Flathead County

Plans for County Septage Facility Moving Forward at New Lower Valley Site

Lakeside County Water and Sewer District will host an open house on June 13 to provide information about new wastewater treatment plant

By Micah Drew
Lakeside County Water and Sewer District truck on May 15, 2024. Hunter D’Antuono | Flathead Beacon

The future of waste treatment in Flathead County continues to take shape following the transfer of a septage facility project from Flathead County to the Lakeside County Water and Sewer District (LCWSD) last month. Now, the district is working through the project, design, permitting and environmental assessment phases for the regional treatment facility with plans for an open house next month to engage the public in the process.

With the decision by the Flathead County commissioners in March to relinquish control of the project and pass along roughly $21 million in funding, largely stemming from federal grants, the district is now fully in control of the project’s future, including the location.

Last fall, the commissioners purchased a 36.9-acre property on Wiley Dike Road with the intent of constructing a facility that would be able to treat 5 million gallons of waste annually and signed an agreement in March to sell that property to LCWSD. However, the LCWSD is instead planning to make use of an existing property it owns in the Lower Valley on the corner of U.S. 93 and Somers Stage.

“We did a feasibility study with engineers to figure out what our options were to modify our existing facilities and this parcel felt like a much better situation,” LCWSD manager Rodney Olson said. The district currently uses the property as a land application site to dispose of treated waste.  “It’s closer to the highway, it’s easier for trucks to access and will be less impactful to the community.”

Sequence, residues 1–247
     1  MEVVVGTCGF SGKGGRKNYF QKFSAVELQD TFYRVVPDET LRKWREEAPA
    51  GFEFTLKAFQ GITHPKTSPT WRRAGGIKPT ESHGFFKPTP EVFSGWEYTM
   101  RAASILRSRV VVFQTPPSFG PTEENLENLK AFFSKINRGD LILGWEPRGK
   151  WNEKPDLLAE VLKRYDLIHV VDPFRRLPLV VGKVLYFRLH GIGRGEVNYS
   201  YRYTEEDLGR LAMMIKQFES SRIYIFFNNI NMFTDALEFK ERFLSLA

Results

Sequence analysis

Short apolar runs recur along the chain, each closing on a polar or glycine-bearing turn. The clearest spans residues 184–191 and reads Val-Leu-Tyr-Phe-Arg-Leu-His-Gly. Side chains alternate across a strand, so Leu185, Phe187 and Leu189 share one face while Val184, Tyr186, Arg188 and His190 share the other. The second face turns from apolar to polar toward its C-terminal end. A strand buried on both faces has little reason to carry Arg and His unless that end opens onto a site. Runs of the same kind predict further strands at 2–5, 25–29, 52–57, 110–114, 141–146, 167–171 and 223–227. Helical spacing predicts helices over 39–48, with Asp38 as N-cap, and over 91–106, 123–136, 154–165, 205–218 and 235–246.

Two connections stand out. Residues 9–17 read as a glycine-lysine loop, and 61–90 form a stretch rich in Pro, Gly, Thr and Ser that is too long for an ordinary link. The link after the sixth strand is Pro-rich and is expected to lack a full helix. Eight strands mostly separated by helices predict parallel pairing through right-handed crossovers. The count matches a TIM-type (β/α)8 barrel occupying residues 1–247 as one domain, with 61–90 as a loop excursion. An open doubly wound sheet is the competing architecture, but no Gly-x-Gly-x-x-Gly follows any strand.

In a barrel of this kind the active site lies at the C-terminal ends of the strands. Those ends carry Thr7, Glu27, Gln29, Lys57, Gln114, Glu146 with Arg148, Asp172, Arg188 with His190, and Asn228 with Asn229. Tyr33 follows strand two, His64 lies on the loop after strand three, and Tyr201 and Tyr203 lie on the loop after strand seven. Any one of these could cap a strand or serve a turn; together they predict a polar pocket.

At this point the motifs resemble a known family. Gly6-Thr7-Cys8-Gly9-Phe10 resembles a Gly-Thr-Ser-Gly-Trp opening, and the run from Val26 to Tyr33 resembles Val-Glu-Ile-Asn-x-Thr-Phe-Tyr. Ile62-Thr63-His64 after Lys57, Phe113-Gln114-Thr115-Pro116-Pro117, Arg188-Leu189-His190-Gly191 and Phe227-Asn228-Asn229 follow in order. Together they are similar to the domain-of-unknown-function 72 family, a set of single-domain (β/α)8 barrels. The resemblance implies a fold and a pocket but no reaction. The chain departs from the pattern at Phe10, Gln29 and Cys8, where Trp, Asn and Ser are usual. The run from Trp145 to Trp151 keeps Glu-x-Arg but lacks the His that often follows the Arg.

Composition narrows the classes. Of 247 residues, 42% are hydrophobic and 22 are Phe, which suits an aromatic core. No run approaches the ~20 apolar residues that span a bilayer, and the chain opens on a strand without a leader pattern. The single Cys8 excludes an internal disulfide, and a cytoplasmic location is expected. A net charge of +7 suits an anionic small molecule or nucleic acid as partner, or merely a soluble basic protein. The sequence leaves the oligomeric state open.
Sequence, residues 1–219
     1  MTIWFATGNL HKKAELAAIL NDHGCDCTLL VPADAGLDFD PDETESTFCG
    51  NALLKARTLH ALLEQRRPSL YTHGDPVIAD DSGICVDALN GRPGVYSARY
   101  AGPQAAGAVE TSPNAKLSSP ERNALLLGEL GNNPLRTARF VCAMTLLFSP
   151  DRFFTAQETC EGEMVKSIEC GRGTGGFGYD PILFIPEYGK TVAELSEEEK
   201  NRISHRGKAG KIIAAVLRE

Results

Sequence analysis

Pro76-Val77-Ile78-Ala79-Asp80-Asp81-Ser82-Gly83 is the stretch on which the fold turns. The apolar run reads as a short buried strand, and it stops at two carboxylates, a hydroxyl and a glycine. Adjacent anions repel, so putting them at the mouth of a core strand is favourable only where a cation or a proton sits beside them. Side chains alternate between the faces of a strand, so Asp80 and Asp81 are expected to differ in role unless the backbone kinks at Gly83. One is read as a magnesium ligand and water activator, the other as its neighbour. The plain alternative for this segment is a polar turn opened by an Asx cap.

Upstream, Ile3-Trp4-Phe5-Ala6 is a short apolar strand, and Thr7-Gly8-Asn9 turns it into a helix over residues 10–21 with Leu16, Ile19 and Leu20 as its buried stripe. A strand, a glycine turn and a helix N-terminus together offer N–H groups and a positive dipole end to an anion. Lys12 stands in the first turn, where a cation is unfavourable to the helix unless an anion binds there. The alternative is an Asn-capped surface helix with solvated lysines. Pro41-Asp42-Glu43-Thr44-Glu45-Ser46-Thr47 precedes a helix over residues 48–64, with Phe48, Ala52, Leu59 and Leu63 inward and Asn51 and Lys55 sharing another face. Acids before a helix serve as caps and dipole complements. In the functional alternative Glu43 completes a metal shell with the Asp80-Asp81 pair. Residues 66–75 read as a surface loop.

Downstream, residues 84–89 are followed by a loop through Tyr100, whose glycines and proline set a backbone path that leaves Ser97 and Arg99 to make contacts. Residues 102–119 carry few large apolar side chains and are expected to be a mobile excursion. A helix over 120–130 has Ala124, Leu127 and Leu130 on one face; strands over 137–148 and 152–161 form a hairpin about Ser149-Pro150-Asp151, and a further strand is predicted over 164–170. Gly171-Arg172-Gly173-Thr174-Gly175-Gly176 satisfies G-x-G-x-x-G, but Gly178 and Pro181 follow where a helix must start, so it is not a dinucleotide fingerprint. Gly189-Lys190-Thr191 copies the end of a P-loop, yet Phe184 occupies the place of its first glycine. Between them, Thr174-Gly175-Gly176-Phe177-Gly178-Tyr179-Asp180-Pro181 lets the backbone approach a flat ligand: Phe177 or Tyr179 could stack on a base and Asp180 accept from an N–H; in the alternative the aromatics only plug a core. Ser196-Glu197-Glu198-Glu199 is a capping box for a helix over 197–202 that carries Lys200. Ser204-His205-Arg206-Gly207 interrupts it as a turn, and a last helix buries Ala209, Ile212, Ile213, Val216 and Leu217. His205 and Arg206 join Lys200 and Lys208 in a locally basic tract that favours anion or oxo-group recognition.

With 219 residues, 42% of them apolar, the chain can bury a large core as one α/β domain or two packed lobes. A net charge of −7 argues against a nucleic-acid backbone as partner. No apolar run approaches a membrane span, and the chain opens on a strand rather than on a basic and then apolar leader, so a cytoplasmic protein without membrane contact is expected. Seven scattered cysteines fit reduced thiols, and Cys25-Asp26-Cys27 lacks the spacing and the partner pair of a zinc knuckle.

Site of a proposed septage facility near the junction of Somers Stage Road and U.S. Hwy 93 for the Lakeside Water and Sewer District, pictured May 14, 2024. Hunter D’Antuono | Flathead Beacon

The Lakeside County Water and Sewer District has operated for 36 years, treating residential waste in a sewer treatment facility and a series of lagoon ponds in the Lower Valley. The district is governed by a five-member board serving four-year staggered terms. Voters in a May 7 special election — the first contested election for the district in decades – chose three incumbent board members to serve additional terms.  

Olson said that when the federal government announced its American Rescue Plan Act (ARPA) grants for water and sewer projects in 2021, the district began planning to expand its lagoon system and upgrade its lift station.

“We were initially looking to spend $6 million to build a new storage pond, but then over time and with laws changing that cost ended up being closer to $12 million,” Olson said. “We switched gears and decided we couldn’t keep building ponds out there. Those are meant for truly rural areas and there are more and more houses out there now. We figured if we’re going to talk about spending $12 million, we should spend it on something that can output cleaner effluent.”

The district’s plans changed to building a new headworks facility and upgrading the existing wastewater treatment facility, and early discussions were held with Flathead County about the possibility of combining efforts to handle septage disposal as well, a rising concern in the county with its recent spurt of population growth. According to the county health department, there are roughly 30,000 septic systems in the region, while available farmland for land application has shrunk, and the need for a facility that can accept and treat septage became a priority in the last few years.

The county ended up pushing forward with plans to build its facility for initial septage treatment, which would then be delivered to LCWSD for additional treatment. The county purchased the Wiley Dike property in September as the best available option for the new facility.